Bernice Layne Brown Gallery through September 2, 2014
Doe Memorial Library
Check www.library.berkeley.edu for hours.
April 25, 1974 was at once an ending and a beginning. First and foremost it was the end of the Estado Novo dictatorial regime and the beginning of Portugal's democratic process. With materials from the University Library's Portuguese collection, this exhibition commemorates the fortieth anniversary of the country's bloodless military coup and transition from dictatorship to democracy. When the population descended into Lisbon's streets to celebrate, soldiers put carnations in the barrels of their guns and tanks, signaling that there would be no violence. A poem by Ary dos Santos -the poet of the revolution - translated here for the first time into English, weaves throughout the exhibit cases along with dazzlingly radiant reproductions of artwork by António Pimentel (whose illustrations accompanied the first edition published in 1975) and black and white images by documentary photographers such as Alfredo Cunha and Carlos Gil.
Sponsored by the Portuguese Studies Program, Institute of European Studies, and the UC Berkeley Library.
The University Library is pleased to announce the acquisition of its first ever Italian e-book and e-journal collection. The subset of Editoria Italiana Online (EIO) comprises nearly 800 e-books and 50 scholarly journals published in Italy including Critica letteraria, Filologia e critica, Italia medioevale e umanistica. It comes to us via Casalini Libri's full-text digital platform Torrossa. Most titles are in the humanities and social sciences and include works from prominent publishers such as Bulzoni, Carocci, Firenze University Press, Polistampa, Palerno, Viella, and more. The available backfiles to all journals have also been acquired and approximately 50 new e-books will be added every year. Once the records have been loaded to OskiCat, they'll be discoverable there but at the moment, Berkeley's holdings in EIO can only be accessed through Torrossa.
The French Revolution Digital Archive (FRDA) is a multi-year collaboration of the Stanford University Libraries and the Bibliothèque nationale de France (BnF) to produce a digital version of the key research sources of the French Revolution and make them available to the international scholarly community. The archive is based around two main resources, the Archives parlementaires and a vast corpus of images first brought together in 1989 and known as the Images de la Revolution française.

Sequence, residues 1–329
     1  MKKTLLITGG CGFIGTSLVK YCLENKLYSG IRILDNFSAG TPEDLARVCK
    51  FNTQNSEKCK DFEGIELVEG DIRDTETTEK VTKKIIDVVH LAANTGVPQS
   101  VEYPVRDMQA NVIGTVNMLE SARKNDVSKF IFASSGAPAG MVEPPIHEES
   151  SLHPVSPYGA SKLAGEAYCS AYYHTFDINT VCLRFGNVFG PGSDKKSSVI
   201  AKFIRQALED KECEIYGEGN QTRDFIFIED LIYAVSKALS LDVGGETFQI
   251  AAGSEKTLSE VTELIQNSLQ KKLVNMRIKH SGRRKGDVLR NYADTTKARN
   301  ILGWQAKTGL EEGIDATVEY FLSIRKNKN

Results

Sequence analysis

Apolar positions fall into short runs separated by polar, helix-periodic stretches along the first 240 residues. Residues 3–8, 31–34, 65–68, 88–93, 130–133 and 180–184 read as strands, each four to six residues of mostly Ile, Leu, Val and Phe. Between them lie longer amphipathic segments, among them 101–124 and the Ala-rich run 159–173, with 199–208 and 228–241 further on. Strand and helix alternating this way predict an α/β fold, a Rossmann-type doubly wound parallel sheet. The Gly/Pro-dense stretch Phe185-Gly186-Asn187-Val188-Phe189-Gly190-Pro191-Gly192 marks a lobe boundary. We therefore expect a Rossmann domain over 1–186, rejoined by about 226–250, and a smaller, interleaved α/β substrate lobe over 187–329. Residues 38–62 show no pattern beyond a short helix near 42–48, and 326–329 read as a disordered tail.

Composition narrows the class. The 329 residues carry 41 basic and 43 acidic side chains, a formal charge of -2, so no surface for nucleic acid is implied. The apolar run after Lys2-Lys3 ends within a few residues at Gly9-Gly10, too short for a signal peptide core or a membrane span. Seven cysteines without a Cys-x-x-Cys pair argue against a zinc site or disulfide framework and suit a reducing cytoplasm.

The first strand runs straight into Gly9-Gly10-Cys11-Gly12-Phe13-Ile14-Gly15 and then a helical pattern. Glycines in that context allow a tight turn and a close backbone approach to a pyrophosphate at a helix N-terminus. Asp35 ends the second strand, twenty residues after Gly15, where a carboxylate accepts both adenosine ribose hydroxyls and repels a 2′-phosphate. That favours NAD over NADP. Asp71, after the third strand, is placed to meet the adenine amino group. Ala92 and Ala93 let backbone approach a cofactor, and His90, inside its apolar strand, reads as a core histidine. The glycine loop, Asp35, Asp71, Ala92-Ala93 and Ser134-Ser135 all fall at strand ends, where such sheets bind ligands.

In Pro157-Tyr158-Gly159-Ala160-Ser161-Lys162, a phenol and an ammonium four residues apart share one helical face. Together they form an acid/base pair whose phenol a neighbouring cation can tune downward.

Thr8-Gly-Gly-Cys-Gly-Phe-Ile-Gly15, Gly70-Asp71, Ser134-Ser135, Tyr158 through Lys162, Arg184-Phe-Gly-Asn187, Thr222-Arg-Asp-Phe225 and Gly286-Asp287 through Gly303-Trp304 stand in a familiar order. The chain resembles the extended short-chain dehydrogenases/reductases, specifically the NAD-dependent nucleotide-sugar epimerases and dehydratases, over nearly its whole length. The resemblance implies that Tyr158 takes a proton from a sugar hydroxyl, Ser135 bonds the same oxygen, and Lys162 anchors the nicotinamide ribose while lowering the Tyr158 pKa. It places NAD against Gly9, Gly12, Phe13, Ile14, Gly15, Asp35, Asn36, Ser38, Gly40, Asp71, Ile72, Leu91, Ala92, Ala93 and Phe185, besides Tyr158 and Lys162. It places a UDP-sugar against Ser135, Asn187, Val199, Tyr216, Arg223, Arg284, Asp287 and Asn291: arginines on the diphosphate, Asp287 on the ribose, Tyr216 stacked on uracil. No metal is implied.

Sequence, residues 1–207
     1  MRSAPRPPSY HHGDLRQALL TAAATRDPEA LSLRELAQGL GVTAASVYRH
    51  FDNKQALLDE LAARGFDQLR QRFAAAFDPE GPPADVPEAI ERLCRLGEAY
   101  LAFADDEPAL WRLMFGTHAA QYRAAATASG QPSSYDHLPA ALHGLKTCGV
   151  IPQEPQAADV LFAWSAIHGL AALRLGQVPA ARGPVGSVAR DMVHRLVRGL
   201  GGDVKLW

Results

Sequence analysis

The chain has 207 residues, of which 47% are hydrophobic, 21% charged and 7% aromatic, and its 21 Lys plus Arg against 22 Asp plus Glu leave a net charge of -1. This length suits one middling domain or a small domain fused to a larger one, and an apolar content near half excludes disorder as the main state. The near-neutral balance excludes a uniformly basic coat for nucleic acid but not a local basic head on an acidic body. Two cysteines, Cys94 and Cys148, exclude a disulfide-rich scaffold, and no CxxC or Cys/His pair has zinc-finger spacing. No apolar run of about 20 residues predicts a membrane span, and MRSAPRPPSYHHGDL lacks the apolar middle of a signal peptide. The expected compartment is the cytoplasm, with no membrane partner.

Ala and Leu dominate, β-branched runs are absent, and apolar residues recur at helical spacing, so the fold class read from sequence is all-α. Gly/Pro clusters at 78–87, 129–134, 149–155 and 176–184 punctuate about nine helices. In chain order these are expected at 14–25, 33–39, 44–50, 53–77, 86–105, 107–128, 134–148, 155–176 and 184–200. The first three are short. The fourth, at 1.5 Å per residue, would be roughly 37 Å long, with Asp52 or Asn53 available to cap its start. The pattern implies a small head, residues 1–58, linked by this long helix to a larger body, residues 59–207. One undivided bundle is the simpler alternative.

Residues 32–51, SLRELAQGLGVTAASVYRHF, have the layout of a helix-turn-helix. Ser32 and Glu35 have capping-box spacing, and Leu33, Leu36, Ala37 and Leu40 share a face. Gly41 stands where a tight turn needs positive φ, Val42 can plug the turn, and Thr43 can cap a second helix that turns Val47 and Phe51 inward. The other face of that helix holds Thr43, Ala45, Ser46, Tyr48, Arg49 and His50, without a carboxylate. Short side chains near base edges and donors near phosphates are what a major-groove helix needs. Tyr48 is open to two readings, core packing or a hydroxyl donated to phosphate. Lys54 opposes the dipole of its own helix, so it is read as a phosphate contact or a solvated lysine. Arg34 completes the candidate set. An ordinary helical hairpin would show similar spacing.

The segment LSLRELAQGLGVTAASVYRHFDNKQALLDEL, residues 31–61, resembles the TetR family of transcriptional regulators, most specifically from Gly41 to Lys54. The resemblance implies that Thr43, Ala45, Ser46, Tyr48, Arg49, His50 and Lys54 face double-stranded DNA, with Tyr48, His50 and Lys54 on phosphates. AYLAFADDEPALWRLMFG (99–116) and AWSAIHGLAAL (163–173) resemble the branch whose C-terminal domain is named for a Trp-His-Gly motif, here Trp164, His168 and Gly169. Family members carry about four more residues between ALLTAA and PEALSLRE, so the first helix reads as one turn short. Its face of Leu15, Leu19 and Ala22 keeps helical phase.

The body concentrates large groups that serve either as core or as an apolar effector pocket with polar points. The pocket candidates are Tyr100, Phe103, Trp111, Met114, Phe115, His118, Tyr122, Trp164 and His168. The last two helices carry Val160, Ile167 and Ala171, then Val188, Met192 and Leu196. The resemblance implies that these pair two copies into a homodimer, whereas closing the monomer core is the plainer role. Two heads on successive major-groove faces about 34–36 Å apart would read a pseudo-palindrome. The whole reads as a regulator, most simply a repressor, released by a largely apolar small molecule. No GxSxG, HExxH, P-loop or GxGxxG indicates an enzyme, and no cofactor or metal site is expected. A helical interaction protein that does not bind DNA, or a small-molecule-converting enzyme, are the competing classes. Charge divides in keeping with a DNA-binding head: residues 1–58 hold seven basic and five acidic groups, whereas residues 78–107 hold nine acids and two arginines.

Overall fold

This new Research Guide for Spanish, Portuguese, and Other Iberian Literatures is a starting point for research on the literatures of the Iberian Peninsula located in the UC Berkeley Library. For additional resources in all formats including e-books, please explore related LCSH subject headings in OskiCat or browse the shelves near the relevant call numbers supplied in this bibliography.
The guide is lengthy (23 pages) but is sub-divided as follows: Guides and Literary Histories, Bio-Bibliographical and Regional Resources, Dictionaries, Literary Theory and Criticism, Poetry, Theater, Guides by Literary Period: Medieval and Early Renaissance, Early Modern and Baroque, Cervantes Studies, Enlightenment and Romanticism, and Modern and Contemporary. Bookmarks on the left (viewable in most web browsers) allow one to skip through the PDF file rather easily in locating a specific section.
While links to some electronic resources are provided, the Spanish and Portuguese subject grouping in the Library's Electronic Resources Finder contains the most current digital resources available and should be consulted when using this guide to what are, for the most part, printed books.
November 13, 2013 - November 17, 2013
Portuguese cinema has long been noted for its formal audacity and inventiveness. Yet it is only recently that filmmakers have begun to interrogate the dark period of Portuguese history that ended in 1974, after four decades of dictatorship and the Colonial War. The films highlighted in this series consider these historic events and their ongoing ramifications with intelligence and imagination, often straddling fiction and documentary forms. Read more about the film program, which includes talks with the directors, on the BAM/PFA web site.
The Romance Language Collections blog keeps the UC Berkeley Library community informed about recent acquisitions and other news related to these fabulous public research collections.
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